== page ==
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Alcohol advertising has no place on our kids’ screens

Children who are exposed to alcohol advertising are more likely to start drinking earlier and to drink more. Kamira/Shutterstock

Alcohol advertising has no place on our kids’ screens

Children who are exposed to alcohol advertising are more likely to start drinking earlier and to drink more. Kamira/Shutterstock

Research shows children who are exposed to alcohol advertising are more likely to start drinking earlier and to drink more.

But Australian regulations are inadequate to protect children and adolescents from such advertising. That’s the finding of the Australian National Preventive Health Agency (ANPHA) review of alcohol advertising.

Importantly, it makes 30 recommendations to fix the problem.

But 18 months after ANPHA passed the report to government, the Coalition is yet to formally release it, or act on the recommendations. The Foundation for Alcohol Research & Education (FARE) obtained the report under FOI and posted it online today.

Placement of alcohol advertising

Research from the Unites States shows sixth graders’ exposure to outdoor ads such as billboards and bus stops predicts their alcohol attitudes and intentions at eighth grade.

In Australia, the Outdoor Media Association requires its members not to advertise alcohol on billboards or fixed signs within 150 metres of a primary or secondary school, except where the school is near a club, pub or bottle shop.

ANPHA describes this as a token gesture. It recommends:

  • the distance be increased to 500m
  • loopholes, such as the exemption for retail ads, be closed
  • a system be established to monitor compliance with the rules.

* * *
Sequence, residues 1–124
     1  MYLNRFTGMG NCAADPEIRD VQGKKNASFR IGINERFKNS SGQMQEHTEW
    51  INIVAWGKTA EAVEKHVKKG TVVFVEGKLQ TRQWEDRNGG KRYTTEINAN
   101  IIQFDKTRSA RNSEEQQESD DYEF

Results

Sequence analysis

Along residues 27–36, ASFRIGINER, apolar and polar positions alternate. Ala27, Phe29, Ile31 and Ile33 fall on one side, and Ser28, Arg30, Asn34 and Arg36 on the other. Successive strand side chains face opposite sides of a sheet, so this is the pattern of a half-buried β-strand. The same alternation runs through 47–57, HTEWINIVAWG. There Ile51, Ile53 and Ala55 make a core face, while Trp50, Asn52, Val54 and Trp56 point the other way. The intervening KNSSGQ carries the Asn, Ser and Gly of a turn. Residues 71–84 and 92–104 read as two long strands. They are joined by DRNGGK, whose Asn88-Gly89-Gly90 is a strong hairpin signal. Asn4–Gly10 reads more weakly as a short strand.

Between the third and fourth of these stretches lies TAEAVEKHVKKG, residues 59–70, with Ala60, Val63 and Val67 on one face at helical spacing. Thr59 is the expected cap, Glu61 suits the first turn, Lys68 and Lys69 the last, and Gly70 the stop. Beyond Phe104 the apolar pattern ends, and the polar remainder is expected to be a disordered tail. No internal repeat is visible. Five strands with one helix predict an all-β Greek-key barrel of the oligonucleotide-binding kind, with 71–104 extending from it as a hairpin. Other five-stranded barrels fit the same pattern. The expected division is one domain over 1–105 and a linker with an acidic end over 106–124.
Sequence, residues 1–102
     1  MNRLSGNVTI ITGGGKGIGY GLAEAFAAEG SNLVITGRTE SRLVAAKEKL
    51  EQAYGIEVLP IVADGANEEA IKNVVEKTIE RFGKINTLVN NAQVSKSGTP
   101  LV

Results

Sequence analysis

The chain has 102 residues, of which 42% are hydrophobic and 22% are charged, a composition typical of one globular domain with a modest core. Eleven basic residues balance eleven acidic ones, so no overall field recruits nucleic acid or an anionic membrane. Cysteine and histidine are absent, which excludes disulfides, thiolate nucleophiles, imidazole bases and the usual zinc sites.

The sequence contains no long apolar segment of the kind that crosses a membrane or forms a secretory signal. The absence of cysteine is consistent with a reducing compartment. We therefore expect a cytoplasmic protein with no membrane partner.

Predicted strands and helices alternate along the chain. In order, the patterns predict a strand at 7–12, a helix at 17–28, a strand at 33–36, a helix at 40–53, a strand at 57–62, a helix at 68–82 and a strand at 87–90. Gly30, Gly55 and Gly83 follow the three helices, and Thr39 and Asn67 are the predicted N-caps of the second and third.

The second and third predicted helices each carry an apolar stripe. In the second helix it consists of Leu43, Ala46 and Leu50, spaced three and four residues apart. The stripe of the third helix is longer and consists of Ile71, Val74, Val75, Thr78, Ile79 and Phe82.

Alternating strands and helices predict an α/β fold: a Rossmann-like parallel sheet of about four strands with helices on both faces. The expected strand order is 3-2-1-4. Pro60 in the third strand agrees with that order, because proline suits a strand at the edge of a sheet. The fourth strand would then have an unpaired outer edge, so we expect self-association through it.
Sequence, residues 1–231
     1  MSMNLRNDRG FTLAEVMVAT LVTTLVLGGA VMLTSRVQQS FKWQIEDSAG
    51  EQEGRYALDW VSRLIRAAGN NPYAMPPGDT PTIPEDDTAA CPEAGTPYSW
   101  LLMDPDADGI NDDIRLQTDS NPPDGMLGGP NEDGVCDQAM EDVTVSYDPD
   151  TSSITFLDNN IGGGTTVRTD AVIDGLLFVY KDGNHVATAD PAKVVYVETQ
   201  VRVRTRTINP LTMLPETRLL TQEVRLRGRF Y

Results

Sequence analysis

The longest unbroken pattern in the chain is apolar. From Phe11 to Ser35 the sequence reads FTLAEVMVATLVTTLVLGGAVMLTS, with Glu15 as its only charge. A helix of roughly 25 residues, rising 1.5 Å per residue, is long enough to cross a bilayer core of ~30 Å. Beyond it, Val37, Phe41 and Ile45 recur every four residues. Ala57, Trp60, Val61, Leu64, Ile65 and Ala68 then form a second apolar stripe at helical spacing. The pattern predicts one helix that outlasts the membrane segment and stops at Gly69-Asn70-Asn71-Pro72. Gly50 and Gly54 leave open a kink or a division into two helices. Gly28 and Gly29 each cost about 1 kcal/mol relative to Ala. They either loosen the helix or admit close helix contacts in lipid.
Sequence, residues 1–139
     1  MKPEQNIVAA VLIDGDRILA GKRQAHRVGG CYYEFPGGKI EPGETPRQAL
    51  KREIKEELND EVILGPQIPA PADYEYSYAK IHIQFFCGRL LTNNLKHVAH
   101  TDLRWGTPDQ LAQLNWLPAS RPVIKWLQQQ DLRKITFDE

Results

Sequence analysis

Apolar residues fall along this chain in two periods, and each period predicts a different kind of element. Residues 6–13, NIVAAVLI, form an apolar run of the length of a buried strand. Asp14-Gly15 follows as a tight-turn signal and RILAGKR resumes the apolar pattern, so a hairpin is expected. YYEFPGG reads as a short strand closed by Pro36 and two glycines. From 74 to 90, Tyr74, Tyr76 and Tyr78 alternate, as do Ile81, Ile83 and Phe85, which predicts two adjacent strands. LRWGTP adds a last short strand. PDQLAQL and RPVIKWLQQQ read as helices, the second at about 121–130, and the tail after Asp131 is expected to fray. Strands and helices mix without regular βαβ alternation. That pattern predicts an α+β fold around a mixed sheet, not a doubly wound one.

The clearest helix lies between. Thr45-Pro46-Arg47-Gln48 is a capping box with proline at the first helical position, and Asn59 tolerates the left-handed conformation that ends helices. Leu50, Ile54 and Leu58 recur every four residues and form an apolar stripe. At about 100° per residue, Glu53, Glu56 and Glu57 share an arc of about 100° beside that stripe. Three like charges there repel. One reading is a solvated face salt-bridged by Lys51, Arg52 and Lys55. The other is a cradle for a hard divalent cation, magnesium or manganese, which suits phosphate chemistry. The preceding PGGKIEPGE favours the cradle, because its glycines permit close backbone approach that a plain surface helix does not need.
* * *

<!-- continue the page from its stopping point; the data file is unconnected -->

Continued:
Free TV Australia allows alcohol ads only during periods of M, MA or AV programming, except during the live broadcast of sporting events on weekends and public holidays.

Research released last month found that, due to the sporting “loophole”, children aged under 18 years were exposed to a cumulative total of 51 million alcohol ads in 2012.

ANPHA recommends the code of practice be revised to remove the exclusions for sports broadcasts and school days between 12pm and 3pm.

The report notes that children are increasingly exposed to alcohol advertising on the internet.

Our research found that Australian alcohol brand websites typically had poor filter systems for preventing access by children. Only half required the user to provide a date of birth. None had any means of preventing users from trying again.

ANPHA recommends that:

  • alcohol companies use adequate age checks on their own websites
  • social media providers (such as YouTube and Facebook) implement age-gating tools to reduce access by children.

The report notes there are currently no restrictions on sponsorship of sport by alcohol companies in Australia. Children are therefore increasingly exposed to alcohol brands in sporting environments.